A healthy person should be able to recover completely from donating blood in eight weeks, but you may lose some of your ability to train for a few days. Following a donation of one pint, blood volume is reduced by around ten percent and returns to normal in 48 hours. So, for two days after donating, you should drink lots of fluids and probably exercise at a reduced intensity or not at all. Donating blood markedly reduces competitive performance for three to four weeks as it takes that long for blood hemoglobin levels to return to normal.

You should not donate blood more often than every eight weeks because it takes that long to replace lost nutrients. If you donate blood frequently you need to make sure to replace the B vitamins and iron that you lose with the blood. You can meet your needs for iron by eating meat, fish or chicken or by taking iron supplements; and you can meet your needs for the B vitamins with whole grains and diary products. Donating blood at least four times a year may help to prevent heart attacks by lowering blood cholesterol levels significantly and reducing iron levels. Iron in the bloodstream converts the bad LDL cholesterol to oxidized LDL which can form plaques in arteries.

Monday, September 12, 2005

Do you burn more calories in hot or cold weather?

You burn fewer calories when you exercise in cold weather than you do when it's hot. The hotter it is, the more extra work your heart has to do to prevent you from overheating. More than 70 percent of the energy produced by your muscles during exercise is lost as heat. So the harder you exercise, the hotter your muscles become. In hot weather, not only must your heart pump extra blood to bring oxygen to your muscles, it must also pump hot blood from your heated muscles to your skin where heat can be dissipated.

On the other hand, in cold weather, your heart only has to pump blood to your muscles and very little extra blood to your skin to dissipate heat. Your muscles produce so much heat during exercise that your body does not need to produce more heat to keep you warm. So your heart works harder and you burn more calories in hot weather. This information should not discourage you from exercising when it’s cold, because staying in shape is a year-round proposition. However, it may help to explain why so many people find the pounds creeping on in the wintertime, even when they stay active.

Sunday, September 11, 2005

Should you train or rest before a major race?

The best way to train a couple of days before an important race or a marathon is to stop training altogether. How long you can exercise a muscle depends on how much sugar you can store in that muscle before you start to exercise. Dr. Dave Costill of Ball State University asked one group of highly- trained runners to jog at a slow pace on the two days prior to measuring their muscle sugars and another group to not jog at all. The runners who didn't jog stored the most sugar.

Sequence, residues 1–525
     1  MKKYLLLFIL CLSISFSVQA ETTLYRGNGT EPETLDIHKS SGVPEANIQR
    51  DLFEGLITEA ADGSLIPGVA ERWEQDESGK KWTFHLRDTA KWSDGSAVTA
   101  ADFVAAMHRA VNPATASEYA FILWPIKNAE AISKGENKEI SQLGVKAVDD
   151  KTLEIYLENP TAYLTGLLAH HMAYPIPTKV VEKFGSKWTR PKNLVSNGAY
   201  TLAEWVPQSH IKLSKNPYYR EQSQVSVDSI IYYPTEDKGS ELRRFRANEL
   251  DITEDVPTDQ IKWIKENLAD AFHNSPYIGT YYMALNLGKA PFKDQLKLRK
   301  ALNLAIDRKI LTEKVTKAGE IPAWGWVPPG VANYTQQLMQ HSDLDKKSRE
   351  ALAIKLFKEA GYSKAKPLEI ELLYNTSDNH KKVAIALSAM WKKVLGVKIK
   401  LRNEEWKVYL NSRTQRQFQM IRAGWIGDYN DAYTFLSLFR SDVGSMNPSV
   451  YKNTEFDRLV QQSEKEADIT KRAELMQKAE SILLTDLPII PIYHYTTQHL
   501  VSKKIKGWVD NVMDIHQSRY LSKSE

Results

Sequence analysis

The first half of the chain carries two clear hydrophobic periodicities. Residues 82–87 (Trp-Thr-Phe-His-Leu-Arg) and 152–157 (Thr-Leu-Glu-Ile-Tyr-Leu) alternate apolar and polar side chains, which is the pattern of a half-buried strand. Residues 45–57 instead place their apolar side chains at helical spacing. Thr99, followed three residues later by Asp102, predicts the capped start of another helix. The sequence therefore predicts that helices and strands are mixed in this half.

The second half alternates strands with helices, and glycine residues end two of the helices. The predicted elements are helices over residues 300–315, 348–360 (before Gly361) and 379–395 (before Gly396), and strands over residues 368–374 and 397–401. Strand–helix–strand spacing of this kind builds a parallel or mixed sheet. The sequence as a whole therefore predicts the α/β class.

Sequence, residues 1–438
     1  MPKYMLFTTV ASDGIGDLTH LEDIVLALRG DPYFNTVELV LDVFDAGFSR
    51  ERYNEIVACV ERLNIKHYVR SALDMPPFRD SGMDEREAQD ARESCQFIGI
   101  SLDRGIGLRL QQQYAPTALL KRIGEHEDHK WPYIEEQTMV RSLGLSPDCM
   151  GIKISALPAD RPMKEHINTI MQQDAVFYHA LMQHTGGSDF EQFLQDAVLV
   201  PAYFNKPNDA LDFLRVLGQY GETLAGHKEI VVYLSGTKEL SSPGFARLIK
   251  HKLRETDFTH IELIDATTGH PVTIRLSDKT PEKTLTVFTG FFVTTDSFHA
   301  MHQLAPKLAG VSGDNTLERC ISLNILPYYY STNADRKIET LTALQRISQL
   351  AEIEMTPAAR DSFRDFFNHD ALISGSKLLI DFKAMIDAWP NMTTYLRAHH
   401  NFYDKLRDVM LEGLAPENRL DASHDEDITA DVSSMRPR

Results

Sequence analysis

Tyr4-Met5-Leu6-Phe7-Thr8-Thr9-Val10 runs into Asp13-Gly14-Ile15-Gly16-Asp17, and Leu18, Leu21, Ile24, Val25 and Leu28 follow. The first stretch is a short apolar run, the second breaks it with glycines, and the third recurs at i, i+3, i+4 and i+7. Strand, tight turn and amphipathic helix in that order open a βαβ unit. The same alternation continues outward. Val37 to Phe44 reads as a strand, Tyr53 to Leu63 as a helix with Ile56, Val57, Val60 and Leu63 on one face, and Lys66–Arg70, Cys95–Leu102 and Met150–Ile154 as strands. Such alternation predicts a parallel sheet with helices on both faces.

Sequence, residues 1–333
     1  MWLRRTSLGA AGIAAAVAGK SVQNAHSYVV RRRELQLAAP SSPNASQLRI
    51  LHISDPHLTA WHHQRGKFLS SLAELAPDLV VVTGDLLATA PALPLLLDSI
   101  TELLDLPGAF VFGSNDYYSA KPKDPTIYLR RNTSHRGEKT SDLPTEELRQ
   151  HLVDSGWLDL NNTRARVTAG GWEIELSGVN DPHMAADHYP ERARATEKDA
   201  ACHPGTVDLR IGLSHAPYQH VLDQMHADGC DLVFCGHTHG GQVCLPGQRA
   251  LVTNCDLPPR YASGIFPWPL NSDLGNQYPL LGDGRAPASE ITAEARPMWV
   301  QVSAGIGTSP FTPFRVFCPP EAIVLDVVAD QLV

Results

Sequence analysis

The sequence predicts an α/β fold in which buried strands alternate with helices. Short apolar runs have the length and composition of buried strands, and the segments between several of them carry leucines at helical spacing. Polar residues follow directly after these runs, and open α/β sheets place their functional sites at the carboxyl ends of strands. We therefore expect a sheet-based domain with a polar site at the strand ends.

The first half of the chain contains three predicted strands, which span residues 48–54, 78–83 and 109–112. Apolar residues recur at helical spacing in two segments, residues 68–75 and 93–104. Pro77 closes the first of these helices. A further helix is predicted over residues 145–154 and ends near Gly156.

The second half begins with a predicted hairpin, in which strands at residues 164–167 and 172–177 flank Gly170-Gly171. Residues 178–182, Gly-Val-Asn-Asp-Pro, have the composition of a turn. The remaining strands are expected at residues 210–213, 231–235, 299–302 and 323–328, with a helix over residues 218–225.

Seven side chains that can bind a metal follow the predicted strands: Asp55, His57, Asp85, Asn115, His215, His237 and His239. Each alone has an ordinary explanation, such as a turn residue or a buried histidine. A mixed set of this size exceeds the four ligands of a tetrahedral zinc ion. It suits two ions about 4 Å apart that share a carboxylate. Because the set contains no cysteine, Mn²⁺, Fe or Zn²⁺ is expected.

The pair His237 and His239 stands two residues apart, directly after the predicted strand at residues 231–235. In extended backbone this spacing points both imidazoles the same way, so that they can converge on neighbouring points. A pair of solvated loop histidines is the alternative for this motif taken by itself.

Studies on bicycle racers show that their muscles will load maximally with sugar when they take a very hard workout four days prior to racing and then ride easily for the next three days. However, running three or four days before a marathon will decrease the amount of sugar that muscles can store, presumably because hard running damages muscles and interferes with their ability to store sugar.

There is no evidence that a hard workout in the week before a race will help a runner during that race. Hard training tears down muscles and it take several days for the muscles to heal sufficiently to improve performance. Run at a slow pace on the fifth, fourth and third day before your event, and don’t run at all on the last two days.

Thursday, September 08, 2005

How does fatigue affect your strength?

It's the ninth inning, your team leads by one run and your starting pitcher, who usually has very good control, has just walked the first two batters. That means it's probably time to bring in a relief pitcher. The old one has pitched nine innings and prolonged exercise has weakened his muscles. Fatigue has already reduced the pitcher's power and accuracy. The same principle applies to all team sports. Teams that substitute freely early in a game have fresher players late in a game. That's why the best professional and college teams usually have the largest rosters.

There's a physiologic reason why tiredness weakens muscles. Muscles are made up of thousands of fibers. Each fiber stores sugar. and when it runs out of its stored sugar, it cannot contract effectively. So, as you tire, your muscles have fewer fibers to contract and you become weaker and less coordinated. That means that a pitcher who is warmed up and fresh will have more active fibers in his muscles and be able to throw more accurately and faster than when he is tired. A fresh football player can kick further and more accurately than when he is tired. The same principle applies to boxers and wrestlers who are weaker towards the end of bouts. You lose both accuracy and strength as you become tired. So, when you compete in a sport that requires endurance and you cannot use a substitute, take it easy early in your competition.